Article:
Ecology And Environment

An Outline of the Main Air Pollutants



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Air pollutants are chemicals emitted into the atmosphere, as a result of human activities, which have negative consequences for humans or the environment. According to the United States Environmental Protection Agency (EPA), the six main pollutants are ozone, particulate matter, carbon monoxide, nitrogen oxides, sulfur dioxide and lead. To this list one could add a number of other pollutants, including volatile organic compounds and chlorofluorocarbons. In Western countries, most of the main air pollutants have been regulated and reduced over the past 40 years, but others remain serious problems.

Nitrogen oxides (NOx)

According to the Department of Oceanography at Texas A&M University, nitrous oxides are gases released mainly by motor vehicle engines, but to a lesser extent by power plants and other fuel-burning activities. They react with water and oxygen in the atmosphere to form acid rain. The problem of acid raid was one of the main concerns of the environmental movement in the 1980s. In addition, the EPA states that nitrogen dioxide can trigger symptoms of asthma.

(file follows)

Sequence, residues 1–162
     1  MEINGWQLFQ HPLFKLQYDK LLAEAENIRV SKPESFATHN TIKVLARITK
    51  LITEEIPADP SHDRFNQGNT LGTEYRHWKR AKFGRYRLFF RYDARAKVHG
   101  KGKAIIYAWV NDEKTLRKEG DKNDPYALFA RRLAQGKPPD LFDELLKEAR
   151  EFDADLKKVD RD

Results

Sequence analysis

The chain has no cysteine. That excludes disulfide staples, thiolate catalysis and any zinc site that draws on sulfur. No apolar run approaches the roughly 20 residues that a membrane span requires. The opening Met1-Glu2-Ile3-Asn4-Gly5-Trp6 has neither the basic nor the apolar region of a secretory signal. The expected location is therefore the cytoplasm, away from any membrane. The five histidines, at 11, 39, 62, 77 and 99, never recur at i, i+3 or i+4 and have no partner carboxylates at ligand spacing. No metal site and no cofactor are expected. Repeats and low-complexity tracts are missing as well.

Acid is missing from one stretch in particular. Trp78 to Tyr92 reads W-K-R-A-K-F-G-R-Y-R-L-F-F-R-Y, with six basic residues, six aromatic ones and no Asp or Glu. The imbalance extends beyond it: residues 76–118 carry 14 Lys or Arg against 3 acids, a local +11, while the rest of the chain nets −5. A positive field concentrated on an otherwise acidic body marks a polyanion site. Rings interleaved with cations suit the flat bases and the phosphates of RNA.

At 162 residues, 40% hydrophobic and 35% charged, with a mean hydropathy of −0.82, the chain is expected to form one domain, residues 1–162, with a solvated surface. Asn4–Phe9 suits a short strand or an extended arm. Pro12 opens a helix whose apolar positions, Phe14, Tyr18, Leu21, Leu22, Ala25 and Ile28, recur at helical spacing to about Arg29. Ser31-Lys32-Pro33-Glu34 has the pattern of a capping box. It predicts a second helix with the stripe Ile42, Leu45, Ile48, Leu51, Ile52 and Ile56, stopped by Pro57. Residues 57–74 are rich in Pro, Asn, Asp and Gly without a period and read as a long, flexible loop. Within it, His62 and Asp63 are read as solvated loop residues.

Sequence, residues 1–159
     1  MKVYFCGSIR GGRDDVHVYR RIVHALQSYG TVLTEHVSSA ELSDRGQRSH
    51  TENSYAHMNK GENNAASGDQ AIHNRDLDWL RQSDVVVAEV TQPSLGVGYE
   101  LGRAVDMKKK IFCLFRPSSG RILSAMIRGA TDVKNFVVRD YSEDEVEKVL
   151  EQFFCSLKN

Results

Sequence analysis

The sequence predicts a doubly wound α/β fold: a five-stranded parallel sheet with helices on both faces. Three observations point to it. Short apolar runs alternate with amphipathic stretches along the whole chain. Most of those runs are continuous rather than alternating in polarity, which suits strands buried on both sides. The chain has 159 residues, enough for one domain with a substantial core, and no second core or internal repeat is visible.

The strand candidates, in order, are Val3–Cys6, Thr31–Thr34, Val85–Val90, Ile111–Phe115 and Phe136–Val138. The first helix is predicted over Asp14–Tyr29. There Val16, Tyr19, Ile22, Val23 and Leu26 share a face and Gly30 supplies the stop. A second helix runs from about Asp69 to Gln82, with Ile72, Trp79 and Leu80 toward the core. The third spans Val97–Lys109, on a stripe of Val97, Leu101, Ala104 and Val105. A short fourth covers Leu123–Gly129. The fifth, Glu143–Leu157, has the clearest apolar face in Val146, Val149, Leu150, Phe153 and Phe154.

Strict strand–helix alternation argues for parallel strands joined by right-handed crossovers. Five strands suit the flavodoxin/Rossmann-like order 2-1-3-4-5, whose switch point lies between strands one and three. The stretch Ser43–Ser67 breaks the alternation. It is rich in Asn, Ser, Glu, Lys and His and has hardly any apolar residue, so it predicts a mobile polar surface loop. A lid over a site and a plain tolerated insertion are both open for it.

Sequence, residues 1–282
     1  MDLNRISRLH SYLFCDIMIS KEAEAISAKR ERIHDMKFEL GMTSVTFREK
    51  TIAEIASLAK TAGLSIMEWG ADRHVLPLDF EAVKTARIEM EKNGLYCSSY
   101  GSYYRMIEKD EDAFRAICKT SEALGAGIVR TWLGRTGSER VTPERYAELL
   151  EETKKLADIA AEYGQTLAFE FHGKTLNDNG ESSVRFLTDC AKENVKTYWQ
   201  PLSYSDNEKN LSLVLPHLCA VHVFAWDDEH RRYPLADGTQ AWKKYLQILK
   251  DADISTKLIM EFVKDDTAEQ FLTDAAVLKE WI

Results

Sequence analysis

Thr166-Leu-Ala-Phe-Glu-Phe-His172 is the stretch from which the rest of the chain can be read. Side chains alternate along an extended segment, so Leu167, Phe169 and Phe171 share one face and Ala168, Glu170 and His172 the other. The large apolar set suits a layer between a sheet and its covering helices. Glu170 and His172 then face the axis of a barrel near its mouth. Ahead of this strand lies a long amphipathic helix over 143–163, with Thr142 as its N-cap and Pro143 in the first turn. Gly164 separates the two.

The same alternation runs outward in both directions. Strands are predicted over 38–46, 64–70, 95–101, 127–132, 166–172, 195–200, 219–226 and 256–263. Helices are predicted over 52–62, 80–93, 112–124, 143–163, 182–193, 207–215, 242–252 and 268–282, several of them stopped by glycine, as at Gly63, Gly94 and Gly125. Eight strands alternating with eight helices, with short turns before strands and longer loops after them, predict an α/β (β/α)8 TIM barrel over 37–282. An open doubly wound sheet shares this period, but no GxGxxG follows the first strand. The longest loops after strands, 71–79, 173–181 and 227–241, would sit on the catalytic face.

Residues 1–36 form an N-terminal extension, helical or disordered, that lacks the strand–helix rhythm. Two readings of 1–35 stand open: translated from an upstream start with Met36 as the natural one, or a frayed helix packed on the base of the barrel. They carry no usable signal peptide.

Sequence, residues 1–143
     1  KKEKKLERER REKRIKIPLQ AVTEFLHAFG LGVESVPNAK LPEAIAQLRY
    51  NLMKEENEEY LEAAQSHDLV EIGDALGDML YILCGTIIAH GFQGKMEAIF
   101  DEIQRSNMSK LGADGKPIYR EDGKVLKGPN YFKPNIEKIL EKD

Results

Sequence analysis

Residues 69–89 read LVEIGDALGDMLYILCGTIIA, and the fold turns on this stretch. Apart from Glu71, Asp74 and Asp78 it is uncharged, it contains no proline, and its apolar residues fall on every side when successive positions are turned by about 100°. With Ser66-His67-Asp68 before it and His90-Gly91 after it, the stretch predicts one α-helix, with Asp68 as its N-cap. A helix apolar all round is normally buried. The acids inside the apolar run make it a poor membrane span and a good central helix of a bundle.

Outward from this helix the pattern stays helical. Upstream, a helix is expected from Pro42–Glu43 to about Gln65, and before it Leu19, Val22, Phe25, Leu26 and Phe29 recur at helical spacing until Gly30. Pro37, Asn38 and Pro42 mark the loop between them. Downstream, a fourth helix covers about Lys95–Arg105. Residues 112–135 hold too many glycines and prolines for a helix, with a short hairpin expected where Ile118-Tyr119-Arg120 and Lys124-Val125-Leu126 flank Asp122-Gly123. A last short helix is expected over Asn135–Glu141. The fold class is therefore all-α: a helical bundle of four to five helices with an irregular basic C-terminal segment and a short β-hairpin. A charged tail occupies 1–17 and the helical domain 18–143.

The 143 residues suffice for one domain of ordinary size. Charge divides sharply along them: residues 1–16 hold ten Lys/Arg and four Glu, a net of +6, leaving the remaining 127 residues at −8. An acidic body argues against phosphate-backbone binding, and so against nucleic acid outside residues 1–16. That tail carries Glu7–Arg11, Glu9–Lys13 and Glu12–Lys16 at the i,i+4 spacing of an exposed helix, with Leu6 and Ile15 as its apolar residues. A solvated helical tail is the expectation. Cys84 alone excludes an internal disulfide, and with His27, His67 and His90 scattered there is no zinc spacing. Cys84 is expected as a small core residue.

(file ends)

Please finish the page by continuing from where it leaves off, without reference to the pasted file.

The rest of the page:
Nitrogen oxide regulations were first introduced in the 1970s. In addition, catalytic converters in most modern vehicles convert some of the nitrogen oxides in the exhaust into harmless nitrogen. The EPA says that nitrogen oxide levels have been cut in half since 1980.

Sulfur dioxide (SO2)

Sulfur dioxide is released through fossil fuel combustion, mainly from coal- and natural gas-fired power plants. Sulfur dioxide worsens asthma and, along with nitrogen oxides, is one of the main causes of acid rain.

A variety of measures exists to reduce sulfur dioxide emissions. As a result, the EPA reports that sulfur dioxide concentrations in the atmosphere have declined by over 80 percent in the United States since 1980. However, the same is not true in rapidly developing countries with lax environmental regimes. China is now the world's largest emitter of sulfur dioxide, and emissions there are still growing. As a direct result, several Chinese regions face severe problems caused by acid rain.

Particulate matter (PM)